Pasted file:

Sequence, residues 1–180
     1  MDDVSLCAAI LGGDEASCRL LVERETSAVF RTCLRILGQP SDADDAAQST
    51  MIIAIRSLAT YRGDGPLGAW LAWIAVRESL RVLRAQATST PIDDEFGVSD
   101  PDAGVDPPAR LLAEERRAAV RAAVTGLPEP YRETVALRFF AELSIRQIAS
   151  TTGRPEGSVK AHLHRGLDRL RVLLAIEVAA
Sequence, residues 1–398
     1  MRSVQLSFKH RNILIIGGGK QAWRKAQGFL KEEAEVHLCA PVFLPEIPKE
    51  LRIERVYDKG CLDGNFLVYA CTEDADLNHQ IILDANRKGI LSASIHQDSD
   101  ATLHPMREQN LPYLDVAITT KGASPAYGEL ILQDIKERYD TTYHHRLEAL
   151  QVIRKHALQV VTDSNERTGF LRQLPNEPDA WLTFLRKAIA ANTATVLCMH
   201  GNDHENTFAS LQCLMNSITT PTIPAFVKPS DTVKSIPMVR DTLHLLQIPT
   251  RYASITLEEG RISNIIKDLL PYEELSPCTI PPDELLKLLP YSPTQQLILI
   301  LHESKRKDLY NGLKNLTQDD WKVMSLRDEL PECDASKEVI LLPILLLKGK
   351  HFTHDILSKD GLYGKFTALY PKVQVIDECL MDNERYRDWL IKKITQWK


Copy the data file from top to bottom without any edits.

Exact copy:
Sequence, residues 1–180
     1  MDDVSLCAAI LGGDEASCRL LVERETSAVF RTCLRILGQP SDADDAAQST
    51  MIIAIRSLAT YRGDGPLGAW LAWIAVRESL RVLRAQATST PIDDEFGVSD
   101  PDAGVDPPAR LLAEERRAAV RAAVTGLPEP YRETVALRFF AELSIRQIAS
   151  TTGRPEGSVK AHLHRGLDRL RVLLAIEVAA
Sequence, residues 1–398
     1  MRSVQLSFKH RNILIIGGGK QAWRKAQGFL KEEAEVHLCA PVFLPEIPKE
    51  LRIERVYDKG CLDGNFLVYA CTEDADLNHQ IILDANRKGI LSASIHQDSD
   101  ATLHPMREQN LPYLDVAITT KGASPAYGEL ILQDIKERYD TTYHHRLEAL
   151  QVIRKHALQV VTDSNERTGF LRQLPNEPDA WLTFLRKAIA ANTATVLCMH
   201  GNDHENTFAS LQCLMNSITT PTIPAFVKPS DTVKSIPMVR DTLHLLQIPT
   251  RYASITLEEG RISNIIKDLL PYEELSPCTI PPDELLKLLP YSPTQQLILI
   301  LHESKRKDLY NGLKNLTQDD WKVMSLRDEL PECDASKEVI LLPILLLKGK
   351  HFTHDILSKD GLYGKFTALY PKVQVIDECL MDNERYRDWL IKKITQWK